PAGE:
Parish of Lafayette Found Not Liable for Inmate’s Injury

prison-door-1515179-683x1024Law abiding citizen or not, people expect local governments to keep them safe, especially from dangerous conditions on public property.  But, just how much responsibility do local governments have in keeping public grounds safe?  This question was recently answered in a case coming out of Lafayette Parish.

On November 15, 2012, Summer Hunter, an inmate at Lafayette Parish Correctional Facility, was injured while being transported to the courthouse.  Prior to the transfer, Ms. Hunter was handcuffed and shackled at the legs.  Ms. Hunter was being escorted across the street by a deputy when her leg shackles became entangled on an expansion joint between slabs of the sidewalk.  This caused Ms. Hunter to fall, resulting in a fractured ankle.

On November 13, 2013, Ms. Hunter filed a lawsuit in the Fifteenth Judicial District Court against the Lafayette Consolidated Government (“The Parish”) for injuries sustained as a result of the fall.  In response, the Parish filed a motion to dismiss Ms. Hunter’s claim.  The Parish asserted that it could not liable for Ms. Hunter’s injuries because it was not aware of any problem with the sidewalk prior to the date of her accident.  The District Court granted the Parish’s motion to dismiss the lawsuit, finding that Ms. Hunter lacked the ability to present any evidence that the Parish had notice of the dangerous sidewalk.  The District Court acknowledged that cities have a responsibility to keep its sidewalk reasonably safe, however, reasonably safe and perfect condition are not synonymous.

Obviously dissatisfied with the decision of the District Court, Ms. Hunter appealed the ruling to the Louisiana Third Circuit Court of Appeal.  Ms. Hunter claimed that the District Court erred in determining that she was unable to produce evidence that the Parish had prior notice of the defective sidewalk and that the District Court erred by refusing to allow her additional time to investigate.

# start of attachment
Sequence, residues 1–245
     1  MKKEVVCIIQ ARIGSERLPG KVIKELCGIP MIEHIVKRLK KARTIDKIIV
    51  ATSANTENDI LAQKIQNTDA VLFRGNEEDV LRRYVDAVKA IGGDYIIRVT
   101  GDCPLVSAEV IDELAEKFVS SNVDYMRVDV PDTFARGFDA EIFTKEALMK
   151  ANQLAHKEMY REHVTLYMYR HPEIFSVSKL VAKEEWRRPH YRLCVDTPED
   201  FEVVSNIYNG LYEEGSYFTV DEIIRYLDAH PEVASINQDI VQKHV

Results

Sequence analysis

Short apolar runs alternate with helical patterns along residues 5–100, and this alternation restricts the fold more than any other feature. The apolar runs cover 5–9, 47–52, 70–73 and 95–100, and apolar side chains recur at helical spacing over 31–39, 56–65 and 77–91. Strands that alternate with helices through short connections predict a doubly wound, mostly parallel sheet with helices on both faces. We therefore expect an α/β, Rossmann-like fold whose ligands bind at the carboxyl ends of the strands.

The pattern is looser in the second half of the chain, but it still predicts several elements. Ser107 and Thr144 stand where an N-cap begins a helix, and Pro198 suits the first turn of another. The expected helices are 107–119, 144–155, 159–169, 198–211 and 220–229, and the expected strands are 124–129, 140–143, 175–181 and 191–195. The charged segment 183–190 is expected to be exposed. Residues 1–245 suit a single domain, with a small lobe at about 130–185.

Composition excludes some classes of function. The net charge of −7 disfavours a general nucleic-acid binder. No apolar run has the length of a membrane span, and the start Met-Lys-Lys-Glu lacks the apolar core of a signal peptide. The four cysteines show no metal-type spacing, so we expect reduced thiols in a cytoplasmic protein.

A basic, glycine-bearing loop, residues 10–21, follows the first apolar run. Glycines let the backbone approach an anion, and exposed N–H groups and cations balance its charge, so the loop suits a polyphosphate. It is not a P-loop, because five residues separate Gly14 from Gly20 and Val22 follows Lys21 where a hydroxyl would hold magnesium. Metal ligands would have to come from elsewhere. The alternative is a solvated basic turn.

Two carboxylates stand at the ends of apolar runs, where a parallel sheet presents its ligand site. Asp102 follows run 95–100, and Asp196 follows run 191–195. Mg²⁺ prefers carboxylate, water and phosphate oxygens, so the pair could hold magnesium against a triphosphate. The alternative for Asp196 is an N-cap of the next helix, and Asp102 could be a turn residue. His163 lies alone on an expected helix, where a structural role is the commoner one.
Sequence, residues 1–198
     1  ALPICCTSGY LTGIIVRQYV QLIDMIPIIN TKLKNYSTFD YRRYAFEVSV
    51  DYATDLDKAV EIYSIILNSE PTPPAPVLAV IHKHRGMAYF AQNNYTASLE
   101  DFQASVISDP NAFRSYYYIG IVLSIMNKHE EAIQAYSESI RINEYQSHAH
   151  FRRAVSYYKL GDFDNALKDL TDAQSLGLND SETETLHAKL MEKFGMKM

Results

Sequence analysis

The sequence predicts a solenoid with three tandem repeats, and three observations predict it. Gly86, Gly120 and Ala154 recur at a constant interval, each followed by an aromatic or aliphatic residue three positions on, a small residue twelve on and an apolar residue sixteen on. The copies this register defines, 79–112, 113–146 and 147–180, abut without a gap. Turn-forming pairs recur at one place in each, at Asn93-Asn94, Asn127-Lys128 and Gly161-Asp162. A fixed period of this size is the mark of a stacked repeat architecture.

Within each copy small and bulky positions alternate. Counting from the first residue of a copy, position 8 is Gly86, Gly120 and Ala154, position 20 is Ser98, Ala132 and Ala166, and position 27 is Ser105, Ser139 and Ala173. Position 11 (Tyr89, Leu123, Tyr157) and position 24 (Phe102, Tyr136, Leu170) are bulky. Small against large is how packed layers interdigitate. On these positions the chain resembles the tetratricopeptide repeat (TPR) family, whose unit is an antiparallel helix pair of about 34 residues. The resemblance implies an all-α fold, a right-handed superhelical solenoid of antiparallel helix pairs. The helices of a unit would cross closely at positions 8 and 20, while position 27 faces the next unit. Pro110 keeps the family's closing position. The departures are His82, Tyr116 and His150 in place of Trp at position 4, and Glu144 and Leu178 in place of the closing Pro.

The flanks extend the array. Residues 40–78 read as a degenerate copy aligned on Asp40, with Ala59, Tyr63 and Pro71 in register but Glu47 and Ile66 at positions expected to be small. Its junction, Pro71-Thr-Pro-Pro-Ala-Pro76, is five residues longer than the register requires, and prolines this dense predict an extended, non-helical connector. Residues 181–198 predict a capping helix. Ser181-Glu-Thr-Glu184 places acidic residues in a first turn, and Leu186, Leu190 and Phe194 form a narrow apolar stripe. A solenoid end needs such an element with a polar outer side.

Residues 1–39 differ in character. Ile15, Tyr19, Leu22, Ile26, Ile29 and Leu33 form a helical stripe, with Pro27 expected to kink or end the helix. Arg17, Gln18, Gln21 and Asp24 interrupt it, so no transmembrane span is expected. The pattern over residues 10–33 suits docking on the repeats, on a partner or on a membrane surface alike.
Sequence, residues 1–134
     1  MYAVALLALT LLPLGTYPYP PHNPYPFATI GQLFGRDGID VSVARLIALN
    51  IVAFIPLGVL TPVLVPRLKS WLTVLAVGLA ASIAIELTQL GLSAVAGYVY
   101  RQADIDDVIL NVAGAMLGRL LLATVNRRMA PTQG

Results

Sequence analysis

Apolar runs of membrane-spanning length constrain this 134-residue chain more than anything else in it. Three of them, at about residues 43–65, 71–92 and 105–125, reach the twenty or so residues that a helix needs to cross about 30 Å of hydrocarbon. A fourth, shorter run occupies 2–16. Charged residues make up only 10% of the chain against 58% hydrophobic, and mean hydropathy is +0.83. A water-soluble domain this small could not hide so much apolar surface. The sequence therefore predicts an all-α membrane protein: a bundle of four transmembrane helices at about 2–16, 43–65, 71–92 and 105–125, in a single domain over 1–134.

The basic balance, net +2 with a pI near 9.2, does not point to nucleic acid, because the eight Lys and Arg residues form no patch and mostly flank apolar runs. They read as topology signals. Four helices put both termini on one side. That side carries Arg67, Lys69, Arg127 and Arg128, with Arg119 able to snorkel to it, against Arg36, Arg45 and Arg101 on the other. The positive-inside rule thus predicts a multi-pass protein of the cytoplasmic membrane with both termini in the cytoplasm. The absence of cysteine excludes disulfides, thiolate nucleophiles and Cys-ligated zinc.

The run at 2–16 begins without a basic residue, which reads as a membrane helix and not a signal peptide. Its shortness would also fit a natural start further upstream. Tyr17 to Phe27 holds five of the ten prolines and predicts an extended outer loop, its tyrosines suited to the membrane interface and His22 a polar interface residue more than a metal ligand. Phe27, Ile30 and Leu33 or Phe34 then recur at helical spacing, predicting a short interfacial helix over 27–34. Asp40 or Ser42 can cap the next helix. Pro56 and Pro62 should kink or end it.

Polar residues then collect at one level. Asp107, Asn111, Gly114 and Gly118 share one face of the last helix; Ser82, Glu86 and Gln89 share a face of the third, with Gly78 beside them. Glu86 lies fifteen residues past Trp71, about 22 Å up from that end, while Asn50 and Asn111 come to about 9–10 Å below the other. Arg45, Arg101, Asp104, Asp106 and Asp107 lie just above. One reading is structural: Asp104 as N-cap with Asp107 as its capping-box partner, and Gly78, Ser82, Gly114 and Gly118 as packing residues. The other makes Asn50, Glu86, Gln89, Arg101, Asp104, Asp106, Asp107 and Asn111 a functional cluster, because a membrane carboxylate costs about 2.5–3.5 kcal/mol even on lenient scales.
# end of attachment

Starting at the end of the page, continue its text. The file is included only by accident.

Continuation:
In Louisiana, a public entity is responsible for damages caused by the condition of property within its care and custody. See La. C.C. art. 2317; La. R.S. 9:2800(A).  However, there is no liability imposed on a public entity for damages caused by the condition of property unless the public entity had actual or constructive notice of the dangerous defect.  In order for a plaintiff to recover damages for injuries caused by dangerous defects on public property they must establish that: (1) the public entity had custody of the property; (2) the condition created an unreasonable risk of harm; (3) the public entity had knowledge and did not take protective measures within a reasonable time; (4) the defect actually caused the injuries sustained.  See Davis v. State ex rel. Dep’t of Transp. & Dev., 78 So.3d 190, 196 (La. Ct. App. 2011).